12. The Influence Seekers
The Federal Government, the Public Service and the Parliament have assumed ever-greater significance in national affairs as the power of the States has waned, and are thus a target for special-interest groups. The most influential and wealthiest of special-interest groups is the Australian business community—representing businesses big, medium and small. Business claims to be enthusiasts for competition and berates unions for, among other things, wanting to have exclusive coverage of workers in business establishments. Yet businesspeople detest competition and do everything possible to wipe out competitors, be it locals or importers.
A persistent myth about Menzies was his closeness to the big end of town, but he did not go out of his way to pander to the business community. True, at the urging of the private banks, he legislated to separate the Reserve Bank from the government-owned Commonwealth Bank. The private banks had a perfectly reasonable argument. Given the sweeping powers of the Reserve to intervene in banking business, it should not have been incorporated into the Commonwealth Bank—a competitor of the private banks. Menzies encouraged Garfield Barwick to develop legislation to control potential cartels and anticompetitive behaviour. It fell to Lionel Murphy, Attorney-General in the Whitlam Government, to introduce the trade practices legislation that provided the basic weapon for the Australian Competition and Consumer Commission (ACCC) in its unending struggle with cartel power.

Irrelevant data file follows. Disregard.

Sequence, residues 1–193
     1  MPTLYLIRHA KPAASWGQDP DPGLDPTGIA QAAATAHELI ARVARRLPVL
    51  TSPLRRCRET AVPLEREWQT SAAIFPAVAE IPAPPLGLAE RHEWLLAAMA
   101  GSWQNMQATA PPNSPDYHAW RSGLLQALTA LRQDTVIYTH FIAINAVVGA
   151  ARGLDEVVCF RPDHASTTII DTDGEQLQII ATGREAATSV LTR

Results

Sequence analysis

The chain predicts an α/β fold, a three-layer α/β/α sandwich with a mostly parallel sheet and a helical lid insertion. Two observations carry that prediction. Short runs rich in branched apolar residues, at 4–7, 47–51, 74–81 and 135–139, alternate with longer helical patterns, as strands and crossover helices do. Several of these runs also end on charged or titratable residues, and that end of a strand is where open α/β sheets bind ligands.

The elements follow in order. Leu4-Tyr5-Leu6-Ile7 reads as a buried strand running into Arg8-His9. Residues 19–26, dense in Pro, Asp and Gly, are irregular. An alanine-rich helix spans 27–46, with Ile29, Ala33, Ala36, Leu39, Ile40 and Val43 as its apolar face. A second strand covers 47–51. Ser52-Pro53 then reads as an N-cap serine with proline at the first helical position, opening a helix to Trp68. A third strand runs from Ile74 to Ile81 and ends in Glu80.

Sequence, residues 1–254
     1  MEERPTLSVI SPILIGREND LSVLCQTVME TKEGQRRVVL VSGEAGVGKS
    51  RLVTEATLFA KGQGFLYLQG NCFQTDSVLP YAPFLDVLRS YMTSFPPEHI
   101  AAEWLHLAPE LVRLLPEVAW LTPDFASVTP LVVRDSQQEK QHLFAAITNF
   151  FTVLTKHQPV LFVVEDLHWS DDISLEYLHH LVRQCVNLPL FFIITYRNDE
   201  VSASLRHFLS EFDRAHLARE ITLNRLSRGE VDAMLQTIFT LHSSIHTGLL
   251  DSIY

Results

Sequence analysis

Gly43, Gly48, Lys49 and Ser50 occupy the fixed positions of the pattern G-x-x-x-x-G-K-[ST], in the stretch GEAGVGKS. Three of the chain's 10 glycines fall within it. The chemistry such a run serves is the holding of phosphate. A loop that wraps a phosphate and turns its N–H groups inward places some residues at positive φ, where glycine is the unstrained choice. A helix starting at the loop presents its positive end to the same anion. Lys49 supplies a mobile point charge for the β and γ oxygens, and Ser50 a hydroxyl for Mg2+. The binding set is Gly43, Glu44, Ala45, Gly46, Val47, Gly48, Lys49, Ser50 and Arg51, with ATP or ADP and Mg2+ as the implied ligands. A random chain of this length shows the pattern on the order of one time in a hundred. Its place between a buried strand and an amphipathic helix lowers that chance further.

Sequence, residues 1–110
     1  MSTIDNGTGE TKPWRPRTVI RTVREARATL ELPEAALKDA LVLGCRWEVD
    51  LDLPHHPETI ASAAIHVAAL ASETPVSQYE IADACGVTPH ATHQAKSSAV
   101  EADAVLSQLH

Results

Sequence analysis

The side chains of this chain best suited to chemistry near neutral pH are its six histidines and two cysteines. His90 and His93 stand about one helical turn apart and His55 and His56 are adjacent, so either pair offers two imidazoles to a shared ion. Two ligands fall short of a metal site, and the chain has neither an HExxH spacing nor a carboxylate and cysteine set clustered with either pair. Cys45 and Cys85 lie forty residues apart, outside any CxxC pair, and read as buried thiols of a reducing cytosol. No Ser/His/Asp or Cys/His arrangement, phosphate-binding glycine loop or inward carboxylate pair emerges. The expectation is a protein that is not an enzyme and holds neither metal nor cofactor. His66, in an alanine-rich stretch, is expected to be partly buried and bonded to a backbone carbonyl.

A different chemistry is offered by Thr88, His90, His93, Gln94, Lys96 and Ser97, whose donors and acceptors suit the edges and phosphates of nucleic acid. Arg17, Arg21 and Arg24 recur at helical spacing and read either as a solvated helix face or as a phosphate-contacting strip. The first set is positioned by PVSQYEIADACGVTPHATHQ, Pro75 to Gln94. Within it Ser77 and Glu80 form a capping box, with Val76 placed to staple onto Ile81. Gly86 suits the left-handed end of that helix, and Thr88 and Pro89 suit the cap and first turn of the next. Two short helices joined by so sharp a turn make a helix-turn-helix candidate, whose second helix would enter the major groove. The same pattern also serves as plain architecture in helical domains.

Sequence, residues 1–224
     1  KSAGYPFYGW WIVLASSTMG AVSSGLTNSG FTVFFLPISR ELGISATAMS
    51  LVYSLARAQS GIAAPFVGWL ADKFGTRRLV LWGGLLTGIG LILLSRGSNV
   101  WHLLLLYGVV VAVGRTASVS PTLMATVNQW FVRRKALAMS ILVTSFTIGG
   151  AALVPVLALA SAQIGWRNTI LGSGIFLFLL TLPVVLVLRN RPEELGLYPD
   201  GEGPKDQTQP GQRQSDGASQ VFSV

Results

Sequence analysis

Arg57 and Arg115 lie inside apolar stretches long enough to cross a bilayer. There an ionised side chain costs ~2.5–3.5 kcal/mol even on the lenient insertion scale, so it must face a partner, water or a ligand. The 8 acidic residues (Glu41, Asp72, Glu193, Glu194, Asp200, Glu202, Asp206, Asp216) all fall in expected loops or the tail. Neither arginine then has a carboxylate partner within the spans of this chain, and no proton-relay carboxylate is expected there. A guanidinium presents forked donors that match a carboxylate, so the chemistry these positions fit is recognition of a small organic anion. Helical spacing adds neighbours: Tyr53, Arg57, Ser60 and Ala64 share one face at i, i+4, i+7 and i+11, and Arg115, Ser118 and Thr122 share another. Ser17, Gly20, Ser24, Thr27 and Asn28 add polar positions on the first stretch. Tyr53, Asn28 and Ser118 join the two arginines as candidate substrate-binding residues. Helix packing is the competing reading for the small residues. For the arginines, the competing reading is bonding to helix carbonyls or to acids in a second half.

The struggle between the free traders and protectionists has a long history, going back to the debates leading to Federation, and was entangled in the White Australia Policy, leading to the formation of the Australian Labor Party. The protectionists and supporters of White Australia were in the ascendancy right up to the 1960s when Harold Holt cautiously began to dismantle the White Australia Policy—a task Whitlam finished.
Like most journalists, I took for granted that tariff protection for Australian industry was a given, with both sides of politics supporting the policy without question. There were only two significant business lobbies in Canberra in the 1950s: the Associated Chambers of Manufactures of Australia (ACMA) and the Associated Chambers of Commerce of Australia (ACCA)—both in the suburb of Barton, within easy walking distance of Parliament House. Both were federal organisations, as are the Commonwealth of Australia and the major political parties. ACMA’s membership and funds derived from the various State Chambers of Manufactures and ACCA’s membership and funds came from the State Chambers of Commerce.
ACMA was the cheerleader for the whole mechanism of the defence of Australian industry against imports provided by tariffs and anti-dumping measures. ACCA—whose membership was influential and included the banks as well as importers—mounted stiff opposition to protection. Executive Director, Ray Pelham-Thorman, a former Treasury official and a capable and determined lobbyist, led the chamber for 23 years. Bob Anderson, the CEO of ACMA, was the high priest of tariffs, and I found him to be an affable and knowledgeable contact. Tall, with a ruddy, smiling face, and popular, he was more a salesman than Pelham-Thorman, who relied on economic analysis to push his case. Menzies described him as the ‘prince of lobbyists’.